Dearly beloved, we are gathered here to say our goodbyes to the undercard debate.
It fought to valiantly until the very end, but reality was just too much for the little debate that just couldn’t.
It will be remembered for its moments—and its winner.
Sen. Lindsey Graham’s eye rolls and interruptions cracked up the crowd. He was self-deprecating—“by the end of this debate, this will be the most time I spent in any library”—even as he brought seemingly every question back to his favorite subject: radical Islam.
“I’m not worried about her attacking me,” the South Carolina senator said of Kentucky county clerk Kim Davis, who was jailed over her refusal to marry same-sex couples, at one point during the debate. “I am worried about radical Islamic terrorists here who are planning another 9/11. We’re at war, folks. I’m not fighting a crime.”
Regardless, gone was the sad, morose Graham of the first Republican JV debate. This time, funny and sarcastic Graham showed up.
The line of the night might have came when Graham referenced the virility of the late pro-segregation Sen. Strom Thurmond to make a point about the need for more legal immigration.
“Strom Thurmond had four kids after age 67,” Graham said, smiling. “If you’re not willing to do that, we need to come up with a new immigration system.”
Even the refs complimented Graham’s performance. “You’re having a good debate,” moderator Hugh Hewitt told him at one point.
When former senator Rick Santorum, in his angry, slightly petulant way, touted a bill he introduced eight years ago—before he lost his Senate seat by 17 points—Graham rolled his eyes.
“How many Democrats support your plan? How many Democrats did you have on your bill?” Graham asked as Santorum sputtered. “I can tell you, none.”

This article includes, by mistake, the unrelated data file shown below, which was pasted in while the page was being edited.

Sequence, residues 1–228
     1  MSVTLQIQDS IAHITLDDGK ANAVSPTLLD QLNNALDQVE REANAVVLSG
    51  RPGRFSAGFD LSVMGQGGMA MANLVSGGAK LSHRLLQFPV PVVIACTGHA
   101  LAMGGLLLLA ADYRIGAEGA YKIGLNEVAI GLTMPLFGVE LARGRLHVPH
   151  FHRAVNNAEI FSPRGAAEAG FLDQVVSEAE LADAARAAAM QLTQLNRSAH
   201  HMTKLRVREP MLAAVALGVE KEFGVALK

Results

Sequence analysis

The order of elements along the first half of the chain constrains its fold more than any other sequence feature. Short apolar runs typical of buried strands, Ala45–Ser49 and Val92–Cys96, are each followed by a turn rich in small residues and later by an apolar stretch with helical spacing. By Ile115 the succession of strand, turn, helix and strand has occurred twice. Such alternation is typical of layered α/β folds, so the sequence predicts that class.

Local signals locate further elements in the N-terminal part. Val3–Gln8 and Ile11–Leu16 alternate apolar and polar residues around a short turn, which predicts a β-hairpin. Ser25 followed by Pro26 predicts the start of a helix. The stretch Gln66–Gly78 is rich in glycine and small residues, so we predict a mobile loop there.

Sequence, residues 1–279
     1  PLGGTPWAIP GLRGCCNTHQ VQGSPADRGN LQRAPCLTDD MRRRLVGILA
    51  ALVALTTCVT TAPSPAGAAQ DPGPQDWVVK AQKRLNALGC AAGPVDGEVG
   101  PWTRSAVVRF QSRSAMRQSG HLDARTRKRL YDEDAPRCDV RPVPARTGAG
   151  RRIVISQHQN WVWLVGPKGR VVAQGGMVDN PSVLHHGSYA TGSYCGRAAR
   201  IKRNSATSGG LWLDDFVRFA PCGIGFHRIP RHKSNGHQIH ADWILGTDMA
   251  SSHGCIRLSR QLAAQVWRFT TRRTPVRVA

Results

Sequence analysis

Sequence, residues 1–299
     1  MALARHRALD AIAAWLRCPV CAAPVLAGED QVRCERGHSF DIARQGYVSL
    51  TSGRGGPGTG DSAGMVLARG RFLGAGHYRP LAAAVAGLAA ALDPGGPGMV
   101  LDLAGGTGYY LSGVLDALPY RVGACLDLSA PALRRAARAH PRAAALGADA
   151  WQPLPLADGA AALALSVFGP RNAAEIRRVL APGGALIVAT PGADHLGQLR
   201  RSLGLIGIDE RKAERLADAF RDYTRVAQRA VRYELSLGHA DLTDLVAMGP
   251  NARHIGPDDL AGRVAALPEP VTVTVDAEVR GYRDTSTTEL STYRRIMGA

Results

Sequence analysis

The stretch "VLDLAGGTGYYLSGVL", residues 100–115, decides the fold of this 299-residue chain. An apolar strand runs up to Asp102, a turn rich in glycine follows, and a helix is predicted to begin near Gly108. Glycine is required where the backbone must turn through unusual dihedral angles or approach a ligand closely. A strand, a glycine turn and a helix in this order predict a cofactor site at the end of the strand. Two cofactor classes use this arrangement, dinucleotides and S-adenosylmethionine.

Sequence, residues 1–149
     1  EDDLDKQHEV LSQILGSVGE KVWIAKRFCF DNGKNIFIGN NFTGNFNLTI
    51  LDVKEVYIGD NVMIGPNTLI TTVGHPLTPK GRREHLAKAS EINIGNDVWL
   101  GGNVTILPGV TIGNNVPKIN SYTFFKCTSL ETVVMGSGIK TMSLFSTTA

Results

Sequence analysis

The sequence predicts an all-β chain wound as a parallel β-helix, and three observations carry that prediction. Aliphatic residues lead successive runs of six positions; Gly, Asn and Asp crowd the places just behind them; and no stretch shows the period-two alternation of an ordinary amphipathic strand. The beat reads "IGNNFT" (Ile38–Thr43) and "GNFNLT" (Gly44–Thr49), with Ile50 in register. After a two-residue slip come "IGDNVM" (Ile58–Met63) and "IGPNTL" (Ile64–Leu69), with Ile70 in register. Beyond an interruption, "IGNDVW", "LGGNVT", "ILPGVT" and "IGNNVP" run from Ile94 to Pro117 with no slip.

Santorum fired back, “The point is that I had a bill.”
“That went nowhere,” Graham finished.
The moderators did their best to pretend that the other Sixth Sense candidates were alive.
At times they sort of looked it.
In what is likely their final moments on an official debate stage, they tried valiantly to attract attention.
George Pataki, who was in attendance, boldly stated that Kim Davis should lose her job—and, of course, he was New York governor on 9/11. Santorum, who yelled most of his responses to questions, said Republicans should champion a minimum wage increase. Gov. Bobby Jindal, who did his best impression of high-energy candidate, talked about the evils of Planned Parenthood.
Everyone went after Donald Trump, of course, since that is basically part of the Republican debate contract at this point. Santorum was The Donald’s only defender.
But at the end of the day, the winner was Graham in a face-off he could not afford to lose. The debate served its purpose once again, highlighting a candidate who had not gotten attention in the first few months on the campaign trail—see: Fiorina, Carly.
But as the herd populating the “happy hour” debate stage has thinned—former Texas governor Rick Perry dropped out last week—it’s hard to believe this particular event has a lot of time left.
As for the candidates left behind this time, well, at least we’ll have the memories.
Santorum is survived by press releases touting his visit to every Iowa county, Jindal by low poll numbers as he wraps up his second term as Louisiana governor, and Pataki…by the fact he was governor on 9/11.